Death Watch (A Detective Shaw Mystery)
by Jim Kelly
Review by Joseph B. Hoyos
Minotaur Books Hardcover ISBN/ITEM#: 9780312644901
Date: 25 May 2010 List Price $25.99 Amazon US / Amazon UK / Show Official Info /
Once again, Detective Inspector Peter Shaw and Detective Sergeant George Valentine must set aside their differences to investigate a bizarre murder in King's Lynn, a city on the Norfolk Coast of England. Bryan Judd, who works in the labyrinthine maze beneath the Queen Victoria Hospital, is responsible for the emulation of medical waste. On September 5, 2010, someone stabs Bryan, lays his body upon a conveyor belt and sends him into the incinerator's fiery hell. This occurs on the eighteenth anniversary of his twin sister Norma Jean's disappearance. Bryan, who shared a psychic link with her, always insisted someone drowned her.
A power outage sends nearby Erebus Street (named after the entrance to Hades in Greek mythology) into chaos. Buildings are vandalized and set ablaze, including a hostel for homeless men. The homeless all fear the mysterious Organ Grinder who kidnaps them at night. During their investigation, Shaw and Valentine discover mutilated corpses of homeless men in the sewer and on a sandbar. What is the link between Bryan Judd's death and the disappearing homeless men? Also, who could have murdered the pregnant Norma Jean eighteen years ago? There are three suspects: her father Andy, a Polish immigrant neighbor, Jan Orzsak, and her career-criminal boyfriend, Ben Ruddle.
Jim Kelly's Death Watch is a superb sequel to his best-selling Death Wore White . Death Watch is just as complex and bizarre a mystery as the series' debut. Every suspect is guilty of something criminal and Shaw and Valentine must spend many sleepless nights struggling to discover everyone's secrets. This novel contains numerous crime scene investigations that are state of the art. The stern, always professional pathologist, Dr. Justina Kazimierz, returns to perform more grisly autopsies and discover more unusual clues.
The one-eyed Peter Shaw is the novel's main character. George Valentine, friends and partner of Peter Shaw's late father, Jack Shaw, begrudgingly assists the younger man. They are still the odd couple of police officers. Besides their vast difference in age, they have other dissimilarities: Shaw is a lean athlete who enjoys swimming in the ocean and Valentine is an overweight couch potato who is a chain smoker and borderline alcoholic; Shaw is very healthy and Valentine speaks with a raspy voice, coughs tremendously and has difficulty controlling his bladder; Shaw is a family man and Valentine is a widower living a solitary existence.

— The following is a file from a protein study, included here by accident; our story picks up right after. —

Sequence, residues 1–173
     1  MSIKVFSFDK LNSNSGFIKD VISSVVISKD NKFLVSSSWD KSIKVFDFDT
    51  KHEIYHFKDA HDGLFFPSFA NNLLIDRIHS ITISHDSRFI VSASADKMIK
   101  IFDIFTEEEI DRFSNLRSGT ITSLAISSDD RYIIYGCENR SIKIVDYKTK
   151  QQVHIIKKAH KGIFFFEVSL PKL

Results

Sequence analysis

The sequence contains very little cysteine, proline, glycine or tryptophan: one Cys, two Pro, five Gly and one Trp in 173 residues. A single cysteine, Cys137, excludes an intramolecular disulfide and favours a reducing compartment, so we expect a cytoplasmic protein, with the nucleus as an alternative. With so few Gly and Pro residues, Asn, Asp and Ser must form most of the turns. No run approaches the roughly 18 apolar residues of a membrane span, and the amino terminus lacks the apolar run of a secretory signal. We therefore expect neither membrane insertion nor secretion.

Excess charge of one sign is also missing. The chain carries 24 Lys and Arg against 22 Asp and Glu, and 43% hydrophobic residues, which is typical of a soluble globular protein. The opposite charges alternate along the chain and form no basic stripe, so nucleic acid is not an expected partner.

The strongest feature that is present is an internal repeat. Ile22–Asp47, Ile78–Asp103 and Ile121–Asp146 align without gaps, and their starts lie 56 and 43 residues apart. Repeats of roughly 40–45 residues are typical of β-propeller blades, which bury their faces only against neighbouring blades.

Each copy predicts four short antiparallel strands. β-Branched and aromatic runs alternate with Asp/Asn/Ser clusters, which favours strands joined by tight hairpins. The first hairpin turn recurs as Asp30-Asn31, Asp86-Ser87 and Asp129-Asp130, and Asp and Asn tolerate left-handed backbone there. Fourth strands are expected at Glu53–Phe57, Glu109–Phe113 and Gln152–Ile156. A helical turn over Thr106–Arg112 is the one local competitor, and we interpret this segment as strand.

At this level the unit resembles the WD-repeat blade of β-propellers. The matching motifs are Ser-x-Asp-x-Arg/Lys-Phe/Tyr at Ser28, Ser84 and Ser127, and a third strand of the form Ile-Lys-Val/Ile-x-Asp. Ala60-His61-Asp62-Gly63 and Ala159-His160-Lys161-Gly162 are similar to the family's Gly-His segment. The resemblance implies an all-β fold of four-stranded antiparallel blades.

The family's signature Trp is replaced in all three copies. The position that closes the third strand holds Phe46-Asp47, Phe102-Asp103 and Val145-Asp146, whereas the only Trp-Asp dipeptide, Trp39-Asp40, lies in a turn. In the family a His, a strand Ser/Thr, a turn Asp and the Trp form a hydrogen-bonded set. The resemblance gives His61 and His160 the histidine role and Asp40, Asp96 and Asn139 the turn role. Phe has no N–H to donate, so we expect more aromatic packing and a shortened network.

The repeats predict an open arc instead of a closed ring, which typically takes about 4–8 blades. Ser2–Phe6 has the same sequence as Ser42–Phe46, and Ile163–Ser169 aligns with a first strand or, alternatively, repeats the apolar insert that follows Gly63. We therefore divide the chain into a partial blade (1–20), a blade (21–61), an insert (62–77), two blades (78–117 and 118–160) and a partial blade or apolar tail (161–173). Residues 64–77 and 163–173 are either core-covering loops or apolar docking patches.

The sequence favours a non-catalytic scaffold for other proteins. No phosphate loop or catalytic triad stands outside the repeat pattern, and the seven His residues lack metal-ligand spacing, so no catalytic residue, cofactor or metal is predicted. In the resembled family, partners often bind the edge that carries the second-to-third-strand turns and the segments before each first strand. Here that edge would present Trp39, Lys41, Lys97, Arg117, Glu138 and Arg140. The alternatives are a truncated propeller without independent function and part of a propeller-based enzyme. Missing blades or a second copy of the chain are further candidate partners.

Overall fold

However, a thirteen-year-old unsolved case still links Shaw and Valentine and makes their association more tolerable. Robert James Mosse remains a free man after he and his gang of hoodlums strangled nine-year old Jonathan Tessier. The investigation (first introduced in Death Wore White) was botched, resulting in the early retirement of Jack Shaw and the demotion of George Valentine. It is an investigation that may remain unresolved for several more novels in the series. This is fine with me because I look forward to reading more mysteries involving Shaw and Valentine.
King's Lynn is the perfect locale for Jim Kelly's mysteries of the macabre. A port city, it has the beaches, the fog and the coldness that warns of approaching winter. It is early September and the tourist season is coming to an end, but Shaw's wife Lena is still getting some business at her beachfront store. However, spooky, creepy Erebus Street is where most of the novel's action occurs. The street consists primarily of small cottages, a tavern, a launderette, a church, a slaughterhouse and a quayside. The stone church with is arches, religious murals and cold gravestones is very Gothic. When the electrical sub-station is vandalized, the entire neighborhood is plunged into a virtual hell.
Death Watch abounds with evil characters who are too difficult to name without giving away the plot. It seems that institutions once considered safe, such as the hospital and the church, have become breeding grounds of corruption. The homeless have become extremely vulnerable. They, along with others who are deemed weak or inferior, are preyed upon and exploited by the greedy. The family unit also comes under great scrutiny. The Judds of Erebus Street are a very perverse, amoral family. Its members are all guilty of having broken the laws of men and God. Alcoholism, vandalism, murder, and adultery run rampant. Bryan Judd shared a psychic link with his twin sister, Norma Jean. I wish this interesting concept could've been explored in greater detail.
Fans of the CSI television series, English noir, and Jim Kelly will greatly enjoy Death Watch. (Because of the continuing case of Jonathan Tessier's murder, I recommend reading Death Wore White first.) I had my doubts as to whether Death Watch would be as enjoyable as Death Wore White. However, after reading about poor Bryan Judd being thrown into the fiery incinerator, my doubts quickly vanished. As I read the proceeding chapters, the plot became even more mysterious, gripping and intriguing. I couldn't stop reading. Soon I was reading seventy-five to one-hundred pages each day. Now I'm on a watch for the next Inspector Shaw mystery from Jim Kelly.